I have never heard of teachers being penalized when collecting SS because of teacher retirement checks. I do not understand how that can even be legal if you have paid into the system. Can you provide more details?

Social Security Publications
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Old 12-03-2012, 03:57 AM
 
Location: Metropolis IL
1,740 posts, read 2,087,727 times
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Quote:
Originally Posted by accufitgolf View Post
All

My wife was in the private sector for 20 years. She then did 20 years as an employee of a state government under their retirement plan. There are states that have a "deal" with the federal government (based on them not paying into SS or something along those lines) that if their employee retires under their pension plan, then the retired employee's SS will be at a "reduced" amount. This even applies to those like my wife that paid into SS prior to working for the state.

Some states refer to the program/reduced SS benefits as the "offset".

We love my wife's retirement pay and retirement benefits but she says it reduces her SS from about $1,200 per month to $400 per month.

Not complaining here...we love the monthly "state kiss".....LOL

EXCERPT:

WHAT IS THE WEP?
The WEP affects members who apply for their own (not spousal) SS benefits and fail to satisfy certain exceptions. A major exception is that members, who were eligible for their public pension before January 1, 1986 (i.e., 20/more years of service under age 55, or 10/more years over 55) or have at least 30 years of substantial coverage under Social Security, are exempt from the WEP. (There is some relief for those with 20-30 years of SS coverage.)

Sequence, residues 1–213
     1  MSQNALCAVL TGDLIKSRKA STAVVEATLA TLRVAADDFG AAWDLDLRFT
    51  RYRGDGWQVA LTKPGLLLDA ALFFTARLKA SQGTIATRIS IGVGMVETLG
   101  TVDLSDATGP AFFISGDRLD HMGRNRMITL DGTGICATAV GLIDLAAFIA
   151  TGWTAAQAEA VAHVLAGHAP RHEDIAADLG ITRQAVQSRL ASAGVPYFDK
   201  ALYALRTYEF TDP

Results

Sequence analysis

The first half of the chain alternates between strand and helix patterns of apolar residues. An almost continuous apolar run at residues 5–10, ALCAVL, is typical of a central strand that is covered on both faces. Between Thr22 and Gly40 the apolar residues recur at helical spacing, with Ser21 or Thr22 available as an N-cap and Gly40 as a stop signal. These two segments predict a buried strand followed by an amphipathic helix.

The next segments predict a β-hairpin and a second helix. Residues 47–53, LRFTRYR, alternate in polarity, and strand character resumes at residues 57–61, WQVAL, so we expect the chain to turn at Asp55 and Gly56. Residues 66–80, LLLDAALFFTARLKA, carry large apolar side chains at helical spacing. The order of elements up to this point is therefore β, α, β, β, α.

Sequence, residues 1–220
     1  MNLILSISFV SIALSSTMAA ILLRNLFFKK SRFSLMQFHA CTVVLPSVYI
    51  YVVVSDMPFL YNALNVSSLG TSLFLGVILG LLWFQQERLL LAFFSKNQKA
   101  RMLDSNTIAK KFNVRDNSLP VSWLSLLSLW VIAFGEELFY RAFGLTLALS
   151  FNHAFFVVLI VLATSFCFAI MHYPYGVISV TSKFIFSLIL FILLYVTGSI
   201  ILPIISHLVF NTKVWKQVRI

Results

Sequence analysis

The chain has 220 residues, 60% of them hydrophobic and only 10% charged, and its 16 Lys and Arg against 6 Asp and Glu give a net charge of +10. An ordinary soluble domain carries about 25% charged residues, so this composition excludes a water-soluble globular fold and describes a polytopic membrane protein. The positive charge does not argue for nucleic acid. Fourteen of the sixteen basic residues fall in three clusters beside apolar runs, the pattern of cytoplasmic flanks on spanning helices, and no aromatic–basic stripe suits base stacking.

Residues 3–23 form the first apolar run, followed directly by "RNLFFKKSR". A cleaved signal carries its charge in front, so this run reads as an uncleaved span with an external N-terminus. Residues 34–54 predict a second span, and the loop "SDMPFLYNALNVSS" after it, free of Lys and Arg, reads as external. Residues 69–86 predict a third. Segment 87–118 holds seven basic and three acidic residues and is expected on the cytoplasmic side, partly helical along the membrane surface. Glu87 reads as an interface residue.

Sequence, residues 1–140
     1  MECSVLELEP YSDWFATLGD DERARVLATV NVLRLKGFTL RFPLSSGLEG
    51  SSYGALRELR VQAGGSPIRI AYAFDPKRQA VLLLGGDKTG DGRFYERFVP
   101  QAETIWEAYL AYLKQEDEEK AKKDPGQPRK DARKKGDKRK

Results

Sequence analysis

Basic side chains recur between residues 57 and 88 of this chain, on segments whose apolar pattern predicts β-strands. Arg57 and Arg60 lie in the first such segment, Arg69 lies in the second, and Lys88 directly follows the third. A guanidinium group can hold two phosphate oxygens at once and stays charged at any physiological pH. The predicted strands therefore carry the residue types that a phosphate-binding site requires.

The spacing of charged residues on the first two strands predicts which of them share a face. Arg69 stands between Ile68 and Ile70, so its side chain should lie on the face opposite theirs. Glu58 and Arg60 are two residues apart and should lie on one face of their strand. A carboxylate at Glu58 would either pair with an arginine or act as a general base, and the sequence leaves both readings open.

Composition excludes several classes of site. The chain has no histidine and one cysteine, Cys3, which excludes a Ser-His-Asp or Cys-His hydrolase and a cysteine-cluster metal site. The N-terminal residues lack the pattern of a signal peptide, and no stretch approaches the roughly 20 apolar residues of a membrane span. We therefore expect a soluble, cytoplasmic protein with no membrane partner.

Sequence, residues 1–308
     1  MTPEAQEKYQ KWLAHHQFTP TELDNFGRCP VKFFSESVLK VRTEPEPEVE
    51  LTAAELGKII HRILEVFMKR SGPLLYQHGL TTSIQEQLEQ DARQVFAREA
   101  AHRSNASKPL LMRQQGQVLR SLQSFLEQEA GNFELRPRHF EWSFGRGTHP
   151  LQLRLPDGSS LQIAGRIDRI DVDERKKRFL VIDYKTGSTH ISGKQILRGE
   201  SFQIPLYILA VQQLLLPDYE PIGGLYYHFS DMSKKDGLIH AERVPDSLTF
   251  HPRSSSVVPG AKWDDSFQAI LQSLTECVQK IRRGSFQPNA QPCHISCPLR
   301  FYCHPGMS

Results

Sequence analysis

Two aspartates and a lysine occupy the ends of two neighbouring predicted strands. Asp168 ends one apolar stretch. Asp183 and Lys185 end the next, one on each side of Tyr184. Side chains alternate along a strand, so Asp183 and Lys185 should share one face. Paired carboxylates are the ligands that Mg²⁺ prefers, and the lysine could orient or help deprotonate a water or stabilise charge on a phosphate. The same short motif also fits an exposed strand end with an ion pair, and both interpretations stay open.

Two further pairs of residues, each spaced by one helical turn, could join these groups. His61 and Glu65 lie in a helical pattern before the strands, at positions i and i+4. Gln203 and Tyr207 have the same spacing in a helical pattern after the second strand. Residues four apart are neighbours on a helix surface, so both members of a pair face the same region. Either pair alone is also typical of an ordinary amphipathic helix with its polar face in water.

If a member doesn't satisfy the exceptions, then they are subject to the WEP, meaning that their SS benefits will be calculated using a different formula. Under that different formula, instead of receiving 90% of the first $606, which the member earned on the average each month (in this case, $545.40), the member would receive only 40% of their first $606 ($242.40) - more than 55% less in benefits.

WHEN DID WEP BECOME LAW?
The WEP was enacted as part of the 1983 Social Security Refinancing Act, designed to shore up the financing of the Social Security Trust Fund. That Act was signed into law by President Ronald Reagan, after being adopted by the Democratic-controlled House where Rep. Dan Rostenkowski (D-IL) chaired the House Ways and Means Committee and the Republican-controlled Senate, where Sen. Robert Dole (R-KS) chaired the Senate Finance Committee.